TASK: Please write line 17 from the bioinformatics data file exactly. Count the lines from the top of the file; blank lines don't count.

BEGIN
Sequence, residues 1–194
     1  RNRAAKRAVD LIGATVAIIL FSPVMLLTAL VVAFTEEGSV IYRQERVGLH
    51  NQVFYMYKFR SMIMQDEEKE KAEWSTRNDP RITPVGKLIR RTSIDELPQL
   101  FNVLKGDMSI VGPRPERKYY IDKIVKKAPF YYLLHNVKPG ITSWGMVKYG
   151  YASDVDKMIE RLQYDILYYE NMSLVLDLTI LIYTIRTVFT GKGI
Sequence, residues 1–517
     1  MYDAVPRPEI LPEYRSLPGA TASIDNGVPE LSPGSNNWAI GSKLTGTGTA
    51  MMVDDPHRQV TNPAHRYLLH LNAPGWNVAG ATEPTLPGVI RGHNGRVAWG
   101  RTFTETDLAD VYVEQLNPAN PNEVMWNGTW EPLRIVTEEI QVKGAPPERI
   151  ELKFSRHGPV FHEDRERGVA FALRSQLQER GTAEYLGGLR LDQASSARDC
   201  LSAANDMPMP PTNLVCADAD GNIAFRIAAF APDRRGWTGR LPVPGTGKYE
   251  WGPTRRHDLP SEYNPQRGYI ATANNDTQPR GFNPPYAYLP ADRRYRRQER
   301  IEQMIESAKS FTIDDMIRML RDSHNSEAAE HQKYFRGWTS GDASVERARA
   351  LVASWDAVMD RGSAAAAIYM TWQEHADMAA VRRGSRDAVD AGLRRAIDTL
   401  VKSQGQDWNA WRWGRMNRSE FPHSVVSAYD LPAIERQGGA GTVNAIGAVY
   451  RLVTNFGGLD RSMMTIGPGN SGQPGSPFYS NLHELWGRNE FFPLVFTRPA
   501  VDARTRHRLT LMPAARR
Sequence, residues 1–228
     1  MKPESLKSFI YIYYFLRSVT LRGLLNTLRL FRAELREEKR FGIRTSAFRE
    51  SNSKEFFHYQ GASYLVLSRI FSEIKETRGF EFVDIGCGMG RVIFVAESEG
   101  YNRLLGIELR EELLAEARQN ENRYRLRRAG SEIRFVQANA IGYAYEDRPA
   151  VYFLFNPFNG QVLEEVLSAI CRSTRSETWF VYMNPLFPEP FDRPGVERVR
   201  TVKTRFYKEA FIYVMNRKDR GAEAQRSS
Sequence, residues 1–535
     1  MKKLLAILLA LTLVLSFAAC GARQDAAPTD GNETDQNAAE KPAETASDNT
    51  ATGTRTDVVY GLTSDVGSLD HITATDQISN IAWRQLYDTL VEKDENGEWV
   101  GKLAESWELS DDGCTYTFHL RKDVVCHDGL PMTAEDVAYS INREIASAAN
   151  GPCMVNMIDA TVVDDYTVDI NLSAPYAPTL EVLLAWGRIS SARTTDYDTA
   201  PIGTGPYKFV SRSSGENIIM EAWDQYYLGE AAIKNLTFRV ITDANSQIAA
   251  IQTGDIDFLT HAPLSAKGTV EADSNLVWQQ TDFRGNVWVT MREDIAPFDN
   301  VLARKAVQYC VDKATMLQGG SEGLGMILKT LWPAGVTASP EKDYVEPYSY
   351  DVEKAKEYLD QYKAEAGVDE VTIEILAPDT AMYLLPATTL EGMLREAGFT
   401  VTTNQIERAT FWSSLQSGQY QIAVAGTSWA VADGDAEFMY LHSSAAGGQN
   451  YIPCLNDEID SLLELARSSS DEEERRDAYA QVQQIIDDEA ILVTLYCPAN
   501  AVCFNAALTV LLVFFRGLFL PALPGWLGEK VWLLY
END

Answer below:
   501  VDARTRHRLT LMPAARR